Prince William has chosen to mark Emergency Services Day, also known as 999 Day, in Belfast, thanking local first responders for their work. The Duke of Cambridge started his visit at the Police College, where he met officers and staff taking part in the Police Service of Northern Ireland’s (PSNI) Wellbeing Volunteer Training course.
This course is the first peer support programme for emergency service staff to be run by the PSNI.
During the course, Wellbeing Volunteers are trained to support colleagues suffering from mental health issues by using both shared experiences and understanding the difficulties they face on a day to day basis with their jobs.
While at the PSNI, Prince William also spoke with representatives from Northern Ireland Fire and Rescue Service and the Northern Ireland Ambulance Service, who opened up about their mental health.
Speaking also about his own experience as an air ambulance pilot, the Duke highlighted the need to create a culture where members of the emergency services feel safe and comfortable enough to open up on their mental health if they need to.
Prince William admitted the months ahead will likely be uncertain and scary
Prince William shared his experience as air ambulance pilot during the visit
In a speech he held in front of a crowd of blue light responders, Prince William said society must take care of his emergency workers – in particular after they have demonstrated their immense value during the ongoing pandemic.
He said: “This has already been an extraordinary year.
“The months ahead will no doubt be uncertain and at points scary.
“But thanks to the dedication and sacrifice of those of you working across the emergency services and in the NHS, I count myself and others in this country very fortunate.
Prince William is marking 999 Day with emergency responders in NI
“Your dedication is not only apparent when we are faced with a global pandemic.
“Each and every day, people from teams across the blue light community are called to the scenes of dreadful incidents.”
Highlighting the response of emergency services in the aftermath of the recent stabbings in Birmingham, William added: “But as you care for us in our time of need, so too must we ensure that we are there for you when you need it the most.
“We must ensure that you have the right support in place each and every day.
Prince William called for the culture surrounding mental health issues to change
Prince William is visiting Northern Ireland today
“I know first hand, that even in routine circumstances, those of you on the frontline can face immense challenges that can naturally have a significant impact on both your physical and mental health.
“Firstly, it’s important that we recognise that.
“And secondly, it’s important that we do all we can to support you through it.”
The Duke also discussed the impact coronavirus has had on emergency responders with heads of Northern Ireland’s police, ambulance and fire services.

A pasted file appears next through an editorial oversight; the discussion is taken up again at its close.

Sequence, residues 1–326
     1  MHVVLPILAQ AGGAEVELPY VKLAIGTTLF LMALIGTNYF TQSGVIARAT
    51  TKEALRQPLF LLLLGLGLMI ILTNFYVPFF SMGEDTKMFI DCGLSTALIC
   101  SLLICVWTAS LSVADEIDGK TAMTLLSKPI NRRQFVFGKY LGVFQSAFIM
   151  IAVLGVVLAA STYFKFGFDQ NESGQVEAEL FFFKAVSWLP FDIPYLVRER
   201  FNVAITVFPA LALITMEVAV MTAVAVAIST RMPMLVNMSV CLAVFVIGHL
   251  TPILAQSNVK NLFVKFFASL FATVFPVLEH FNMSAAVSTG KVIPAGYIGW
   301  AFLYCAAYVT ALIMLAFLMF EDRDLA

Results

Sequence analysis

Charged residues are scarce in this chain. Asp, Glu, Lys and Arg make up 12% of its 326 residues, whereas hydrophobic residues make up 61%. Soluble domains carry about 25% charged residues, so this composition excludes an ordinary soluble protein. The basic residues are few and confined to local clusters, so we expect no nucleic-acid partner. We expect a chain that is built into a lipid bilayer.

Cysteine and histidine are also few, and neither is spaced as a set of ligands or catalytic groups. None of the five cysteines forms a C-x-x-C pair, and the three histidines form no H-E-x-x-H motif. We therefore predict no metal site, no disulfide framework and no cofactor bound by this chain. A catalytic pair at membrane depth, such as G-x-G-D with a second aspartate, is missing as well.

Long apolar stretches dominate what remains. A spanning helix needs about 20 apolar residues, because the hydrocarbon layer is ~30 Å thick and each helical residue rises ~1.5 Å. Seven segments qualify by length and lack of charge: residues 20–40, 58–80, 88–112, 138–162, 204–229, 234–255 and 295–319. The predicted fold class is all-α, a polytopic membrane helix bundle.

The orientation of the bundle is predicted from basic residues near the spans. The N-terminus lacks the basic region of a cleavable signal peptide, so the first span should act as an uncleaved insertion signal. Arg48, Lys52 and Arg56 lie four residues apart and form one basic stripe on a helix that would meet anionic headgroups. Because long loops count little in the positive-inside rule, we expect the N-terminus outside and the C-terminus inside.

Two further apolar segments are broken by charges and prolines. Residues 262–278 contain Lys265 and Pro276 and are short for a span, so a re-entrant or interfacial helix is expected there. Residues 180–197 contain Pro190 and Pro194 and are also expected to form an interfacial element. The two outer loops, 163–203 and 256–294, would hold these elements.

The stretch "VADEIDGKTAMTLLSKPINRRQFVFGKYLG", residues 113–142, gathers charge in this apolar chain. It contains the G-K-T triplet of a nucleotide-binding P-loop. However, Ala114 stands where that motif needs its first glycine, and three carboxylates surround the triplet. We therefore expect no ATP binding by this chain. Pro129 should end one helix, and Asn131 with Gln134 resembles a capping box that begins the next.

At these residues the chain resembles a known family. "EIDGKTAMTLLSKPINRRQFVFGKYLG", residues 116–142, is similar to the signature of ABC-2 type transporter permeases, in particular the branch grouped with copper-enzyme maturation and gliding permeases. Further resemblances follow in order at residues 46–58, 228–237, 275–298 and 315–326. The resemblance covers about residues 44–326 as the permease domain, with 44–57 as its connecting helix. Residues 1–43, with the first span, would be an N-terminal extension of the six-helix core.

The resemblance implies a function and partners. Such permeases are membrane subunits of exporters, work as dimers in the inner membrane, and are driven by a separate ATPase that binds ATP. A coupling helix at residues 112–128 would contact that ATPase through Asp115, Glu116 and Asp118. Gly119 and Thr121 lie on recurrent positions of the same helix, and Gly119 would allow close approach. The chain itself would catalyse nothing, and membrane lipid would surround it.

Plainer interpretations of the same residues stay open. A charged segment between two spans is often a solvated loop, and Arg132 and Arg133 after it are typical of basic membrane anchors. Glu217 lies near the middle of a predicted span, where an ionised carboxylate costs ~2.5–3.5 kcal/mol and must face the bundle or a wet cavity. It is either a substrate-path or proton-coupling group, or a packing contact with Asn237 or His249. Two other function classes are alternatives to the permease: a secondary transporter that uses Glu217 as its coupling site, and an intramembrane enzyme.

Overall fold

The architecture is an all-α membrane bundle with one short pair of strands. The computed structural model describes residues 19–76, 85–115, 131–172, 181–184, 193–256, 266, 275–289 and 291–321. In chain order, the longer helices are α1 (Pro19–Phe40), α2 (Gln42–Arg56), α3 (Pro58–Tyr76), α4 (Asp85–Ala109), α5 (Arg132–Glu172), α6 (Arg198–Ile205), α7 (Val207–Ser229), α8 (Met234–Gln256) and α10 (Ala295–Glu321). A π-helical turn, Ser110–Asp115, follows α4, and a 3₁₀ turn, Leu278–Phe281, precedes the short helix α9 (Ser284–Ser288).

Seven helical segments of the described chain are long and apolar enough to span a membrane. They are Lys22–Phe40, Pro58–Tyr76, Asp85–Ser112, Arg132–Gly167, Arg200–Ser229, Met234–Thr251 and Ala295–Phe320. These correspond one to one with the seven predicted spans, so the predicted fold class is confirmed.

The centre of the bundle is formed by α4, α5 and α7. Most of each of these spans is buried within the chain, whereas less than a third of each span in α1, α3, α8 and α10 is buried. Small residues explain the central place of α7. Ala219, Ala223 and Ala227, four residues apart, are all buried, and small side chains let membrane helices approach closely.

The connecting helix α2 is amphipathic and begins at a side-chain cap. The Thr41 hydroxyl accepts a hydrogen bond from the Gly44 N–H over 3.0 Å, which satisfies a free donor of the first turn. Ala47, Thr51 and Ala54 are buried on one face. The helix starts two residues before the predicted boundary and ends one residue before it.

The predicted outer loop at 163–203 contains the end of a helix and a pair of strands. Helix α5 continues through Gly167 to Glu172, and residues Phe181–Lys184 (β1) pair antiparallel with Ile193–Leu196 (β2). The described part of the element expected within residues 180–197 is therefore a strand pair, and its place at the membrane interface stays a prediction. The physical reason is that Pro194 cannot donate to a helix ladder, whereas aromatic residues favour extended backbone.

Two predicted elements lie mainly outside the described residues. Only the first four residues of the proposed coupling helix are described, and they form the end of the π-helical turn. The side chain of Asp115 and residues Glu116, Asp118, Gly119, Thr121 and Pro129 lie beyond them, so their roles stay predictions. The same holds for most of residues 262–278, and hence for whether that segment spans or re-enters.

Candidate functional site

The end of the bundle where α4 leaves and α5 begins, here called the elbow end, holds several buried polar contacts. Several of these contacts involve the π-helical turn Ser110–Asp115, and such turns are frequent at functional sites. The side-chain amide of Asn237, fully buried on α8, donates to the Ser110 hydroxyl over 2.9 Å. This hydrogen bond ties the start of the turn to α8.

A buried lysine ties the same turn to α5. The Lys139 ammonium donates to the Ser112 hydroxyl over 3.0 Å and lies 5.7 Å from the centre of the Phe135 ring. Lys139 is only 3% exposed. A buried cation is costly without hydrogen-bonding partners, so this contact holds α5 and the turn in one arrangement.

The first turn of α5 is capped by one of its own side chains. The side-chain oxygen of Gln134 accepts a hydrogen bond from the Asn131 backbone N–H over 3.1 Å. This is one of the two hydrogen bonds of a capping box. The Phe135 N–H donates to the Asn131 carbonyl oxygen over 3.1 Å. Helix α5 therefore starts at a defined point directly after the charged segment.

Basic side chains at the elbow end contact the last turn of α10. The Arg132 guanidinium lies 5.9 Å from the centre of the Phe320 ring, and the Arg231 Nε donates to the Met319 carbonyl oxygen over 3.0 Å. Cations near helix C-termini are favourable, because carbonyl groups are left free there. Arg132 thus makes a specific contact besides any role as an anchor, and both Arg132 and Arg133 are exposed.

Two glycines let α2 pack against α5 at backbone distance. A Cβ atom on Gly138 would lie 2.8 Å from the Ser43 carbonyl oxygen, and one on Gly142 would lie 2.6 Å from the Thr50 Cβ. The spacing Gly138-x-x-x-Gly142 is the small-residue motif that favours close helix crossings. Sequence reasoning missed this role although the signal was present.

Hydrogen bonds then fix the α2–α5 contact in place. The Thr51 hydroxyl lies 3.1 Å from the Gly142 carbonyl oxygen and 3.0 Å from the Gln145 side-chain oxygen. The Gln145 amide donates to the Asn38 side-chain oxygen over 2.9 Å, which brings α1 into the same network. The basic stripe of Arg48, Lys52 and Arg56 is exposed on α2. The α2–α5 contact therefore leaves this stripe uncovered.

This visit comes one day after Prince William convened the first meeting of the Emergency Responder Senior Leader Board.
This group brings together representatives and leaders from across all of the UK’s emergency services to discuss mental health and make sure that all first responders receive the support they need.
Prince William is second-in-line to the throne
The Board was created by William after a research project commissioned by his and Kate’s charitable platform, The Royal Foundation, looked into the mental health of first responders.
Conducted by King’s College London and the Open University, this research signalled the need to share a “better practice” across the emergency services sector.
Prince William and Kate announced in April, at the height of the coronavirus emergency, they were making the mental wellbeing of first responders and key workers their “top priority”.
Prince William himself has worked as an emergency responder between 2014 and 2017, when he joined the East Anglian Air Ambulance as helicopter pilot.
Prince Harry pledged in April to make the mental wellbeing of key workers his top priority
The Duke had previously opened up about the mental toll assisting children whose lives were threatened had on him, especially after becoming a father.
And on Monday, he recalled his experience once again in an open letter marking the beginning of Air Ambulance Week.
Writing to Air Ambulances UK, Prince William said: “Having seen first-hand the incredible work of air ambulance teams both on the front line and behind the scenes, I hold a profound respect for all that you do.
“Whether you are part of the critical care team bringing vital medical support to patients when every second counts;
“An engineer who ensures that crews can be safely deployed at a moment’s notice;
“Or a volunteer working to keep the service running, the country owes you an enormous debt of gratitude.”